State’s Highest Court Refuses to Throw Out Anti-Sodomy Laws
Associated Press, February 21, 2002
BOSTON—The state’s highest court has refused to
throw out two anti-sodomy laws that gay rights groups say can be used to
intimidate couples engaged in consensual sex.
The anti-sodomy laws, which date to colonial times, establish penalties of
up to 20 years for the "abominable and detestable crime against
nature" interpreted as anal intercourse and 5 years for any
"unnatural and lascivious act," interpreted to mean oral sex. Gay
activists challenged the laws as unconstitutional, arguing that they violate
the right to privacy, equal protection, freedom of expression and the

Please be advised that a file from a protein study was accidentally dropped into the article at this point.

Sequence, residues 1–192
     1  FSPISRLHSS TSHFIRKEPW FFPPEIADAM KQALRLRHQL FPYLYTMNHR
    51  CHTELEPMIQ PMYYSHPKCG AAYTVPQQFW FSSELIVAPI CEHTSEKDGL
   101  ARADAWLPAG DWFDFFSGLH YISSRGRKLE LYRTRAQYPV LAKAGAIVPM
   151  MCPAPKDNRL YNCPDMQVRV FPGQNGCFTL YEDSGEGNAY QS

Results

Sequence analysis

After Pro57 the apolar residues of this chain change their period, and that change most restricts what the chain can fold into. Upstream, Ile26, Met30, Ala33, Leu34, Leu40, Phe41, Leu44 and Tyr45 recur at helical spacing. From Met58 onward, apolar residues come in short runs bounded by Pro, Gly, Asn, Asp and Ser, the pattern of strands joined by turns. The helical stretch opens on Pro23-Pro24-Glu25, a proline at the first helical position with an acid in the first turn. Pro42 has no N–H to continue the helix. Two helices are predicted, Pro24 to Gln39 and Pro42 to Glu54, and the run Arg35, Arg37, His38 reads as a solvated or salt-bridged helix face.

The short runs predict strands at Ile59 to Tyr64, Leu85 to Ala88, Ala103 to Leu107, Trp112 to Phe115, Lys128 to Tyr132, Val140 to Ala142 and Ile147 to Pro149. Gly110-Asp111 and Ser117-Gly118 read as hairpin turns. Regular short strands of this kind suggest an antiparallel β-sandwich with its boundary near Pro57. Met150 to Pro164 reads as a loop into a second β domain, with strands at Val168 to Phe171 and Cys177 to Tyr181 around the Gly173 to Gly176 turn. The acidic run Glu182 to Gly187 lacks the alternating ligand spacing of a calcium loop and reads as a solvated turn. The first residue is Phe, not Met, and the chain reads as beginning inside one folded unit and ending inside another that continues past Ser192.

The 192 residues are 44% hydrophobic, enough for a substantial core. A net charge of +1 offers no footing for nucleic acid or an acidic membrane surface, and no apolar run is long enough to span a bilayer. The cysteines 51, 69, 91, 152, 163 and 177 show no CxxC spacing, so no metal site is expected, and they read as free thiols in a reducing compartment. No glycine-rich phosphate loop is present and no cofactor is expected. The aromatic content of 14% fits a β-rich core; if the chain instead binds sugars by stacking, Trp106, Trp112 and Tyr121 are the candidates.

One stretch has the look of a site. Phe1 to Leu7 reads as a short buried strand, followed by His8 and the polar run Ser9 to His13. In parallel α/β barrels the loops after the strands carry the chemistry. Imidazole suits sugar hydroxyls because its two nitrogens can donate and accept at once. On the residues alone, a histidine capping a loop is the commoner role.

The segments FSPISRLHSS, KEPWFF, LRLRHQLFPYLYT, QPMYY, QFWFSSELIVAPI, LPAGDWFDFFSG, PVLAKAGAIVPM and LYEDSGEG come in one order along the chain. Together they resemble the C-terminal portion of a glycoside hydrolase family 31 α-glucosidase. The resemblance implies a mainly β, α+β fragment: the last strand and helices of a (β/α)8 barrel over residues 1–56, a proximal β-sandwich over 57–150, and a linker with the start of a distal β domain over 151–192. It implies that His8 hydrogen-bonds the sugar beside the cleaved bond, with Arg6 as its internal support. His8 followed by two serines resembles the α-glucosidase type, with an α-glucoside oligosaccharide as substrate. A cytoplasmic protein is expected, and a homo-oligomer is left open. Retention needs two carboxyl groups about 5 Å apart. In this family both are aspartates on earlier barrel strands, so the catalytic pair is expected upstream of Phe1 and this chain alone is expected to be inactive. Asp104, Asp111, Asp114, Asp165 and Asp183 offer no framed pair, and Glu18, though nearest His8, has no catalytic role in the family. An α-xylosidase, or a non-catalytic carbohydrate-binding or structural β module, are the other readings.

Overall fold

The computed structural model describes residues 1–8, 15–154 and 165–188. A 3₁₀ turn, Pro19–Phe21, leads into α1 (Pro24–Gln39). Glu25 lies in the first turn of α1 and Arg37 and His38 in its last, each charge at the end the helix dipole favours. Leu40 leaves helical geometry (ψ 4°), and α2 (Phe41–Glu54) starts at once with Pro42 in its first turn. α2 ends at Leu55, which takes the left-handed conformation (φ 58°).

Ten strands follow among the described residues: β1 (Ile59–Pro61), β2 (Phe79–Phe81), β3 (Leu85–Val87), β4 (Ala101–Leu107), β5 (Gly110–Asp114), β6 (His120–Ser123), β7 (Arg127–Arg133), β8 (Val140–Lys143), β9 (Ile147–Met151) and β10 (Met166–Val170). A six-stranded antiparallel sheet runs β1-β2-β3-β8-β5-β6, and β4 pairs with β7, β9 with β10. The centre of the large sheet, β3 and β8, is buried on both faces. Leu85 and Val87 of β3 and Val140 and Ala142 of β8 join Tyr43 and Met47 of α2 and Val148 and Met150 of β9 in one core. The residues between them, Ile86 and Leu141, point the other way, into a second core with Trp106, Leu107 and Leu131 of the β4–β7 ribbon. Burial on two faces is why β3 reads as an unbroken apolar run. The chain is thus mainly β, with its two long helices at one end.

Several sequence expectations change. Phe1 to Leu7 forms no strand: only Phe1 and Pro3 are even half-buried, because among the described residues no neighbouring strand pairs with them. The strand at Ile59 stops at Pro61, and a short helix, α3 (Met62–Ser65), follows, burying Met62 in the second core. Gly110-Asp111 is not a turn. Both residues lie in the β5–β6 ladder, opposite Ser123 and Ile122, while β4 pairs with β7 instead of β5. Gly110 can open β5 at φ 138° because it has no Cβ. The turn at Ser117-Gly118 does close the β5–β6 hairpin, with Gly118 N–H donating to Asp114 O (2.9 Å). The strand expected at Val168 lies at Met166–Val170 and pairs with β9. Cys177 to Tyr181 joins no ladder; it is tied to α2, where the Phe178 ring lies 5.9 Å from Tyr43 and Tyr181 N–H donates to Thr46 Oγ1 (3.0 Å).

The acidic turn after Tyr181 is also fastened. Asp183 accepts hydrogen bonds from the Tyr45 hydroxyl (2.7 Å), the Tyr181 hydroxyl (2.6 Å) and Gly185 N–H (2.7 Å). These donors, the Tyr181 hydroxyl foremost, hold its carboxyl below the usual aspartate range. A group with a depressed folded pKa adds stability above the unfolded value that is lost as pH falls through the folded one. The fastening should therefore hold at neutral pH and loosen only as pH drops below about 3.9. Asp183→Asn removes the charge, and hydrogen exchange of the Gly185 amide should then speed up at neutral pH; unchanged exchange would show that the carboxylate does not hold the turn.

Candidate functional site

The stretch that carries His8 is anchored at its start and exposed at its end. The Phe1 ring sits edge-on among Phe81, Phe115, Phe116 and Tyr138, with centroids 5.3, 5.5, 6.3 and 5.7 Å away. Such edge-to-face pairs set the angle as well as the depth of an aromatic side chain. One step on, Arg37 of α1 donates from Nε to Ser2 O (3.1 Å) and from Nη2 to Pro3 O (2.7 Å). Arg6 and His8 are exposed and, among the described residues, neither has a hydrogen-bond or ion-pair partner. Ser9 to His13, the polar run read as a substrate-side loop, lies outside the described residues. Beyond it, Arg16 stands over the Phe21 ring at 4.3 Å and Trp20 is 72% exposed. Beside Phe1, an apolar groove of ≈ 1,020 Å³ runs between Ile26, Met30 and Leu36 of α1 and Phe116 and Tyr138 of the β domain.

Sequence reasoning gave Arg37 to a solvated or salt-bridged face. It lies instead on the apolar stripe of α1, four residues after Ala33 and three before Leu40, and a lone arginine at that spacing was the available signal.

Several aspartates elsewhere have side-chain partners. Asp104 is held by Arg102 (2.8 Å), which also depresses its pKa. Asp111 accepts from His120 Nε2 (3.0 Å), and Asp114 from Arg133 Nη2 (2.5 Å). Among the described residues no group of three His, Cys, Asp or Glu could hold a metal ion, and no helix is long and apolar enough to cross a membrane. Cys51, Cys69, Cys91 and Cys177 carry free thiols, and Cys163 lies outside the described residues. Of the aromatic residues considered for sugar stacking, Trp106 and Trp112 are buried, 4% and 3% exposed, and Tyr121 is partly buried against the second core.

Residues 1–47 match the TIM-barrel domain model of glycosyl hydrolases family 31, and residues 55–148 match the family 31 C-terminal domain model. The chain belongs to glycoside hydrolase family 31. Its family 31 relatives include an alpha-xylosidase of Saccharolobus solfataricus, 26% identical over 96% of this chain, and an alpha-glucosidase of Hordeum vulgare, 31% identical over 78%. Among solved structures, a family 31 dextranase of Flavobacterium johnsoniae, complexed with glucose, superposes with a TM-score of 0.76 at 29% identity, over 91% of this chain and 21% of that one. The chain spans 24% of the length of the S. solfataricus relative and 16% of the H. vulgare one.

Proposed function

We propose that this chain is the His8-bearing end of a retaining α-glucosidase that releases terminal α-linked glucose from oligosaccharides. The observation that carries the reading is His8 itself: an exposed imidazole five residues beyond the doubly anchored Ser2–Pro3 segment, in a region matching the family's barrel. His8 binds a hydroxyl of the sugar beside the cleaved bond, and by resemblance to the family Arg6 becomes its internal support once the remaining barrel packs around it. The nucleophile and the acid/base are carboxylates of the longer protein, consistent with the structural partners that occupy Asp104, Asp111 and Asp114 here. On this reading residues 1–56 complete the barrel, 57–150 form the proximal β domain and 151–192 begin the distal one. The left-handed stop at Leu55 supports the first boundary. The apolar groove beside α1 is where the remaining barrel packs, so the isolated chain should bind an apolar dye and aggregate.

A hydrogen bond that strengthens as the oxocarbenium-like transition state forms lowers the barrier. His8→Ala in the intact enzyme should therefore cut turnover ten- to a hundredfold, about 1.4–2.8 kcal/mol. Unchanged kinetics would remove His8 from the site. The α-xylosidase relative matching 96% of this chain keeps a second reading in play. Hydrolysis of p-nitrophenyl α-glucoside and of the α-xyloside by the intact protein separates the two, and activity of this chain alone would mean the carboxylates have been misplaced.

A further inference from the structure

prohibition against cruel and unusual punishment. But the court declined to
decide the constitutionality of the laws, saying there was no active case to
base their ruling on.
"Because there is no actual controversy, we remand the case to the
county court for dismissal," Justice Roderick L. Ireland wrote. The court
did limit how the laws could be used, noting that prosecutors for the Attorney
General’s office and district attorneys had agreed not to prosecute anyone
under the laws unless the sexual acts were conducted in public or were not
Gay activists called the decision a partial victory, saying the court
clarified for the first time that the anti-sodomy laws don’t apply to
private, consensual sex.
[Home] [News] [Massachusetts]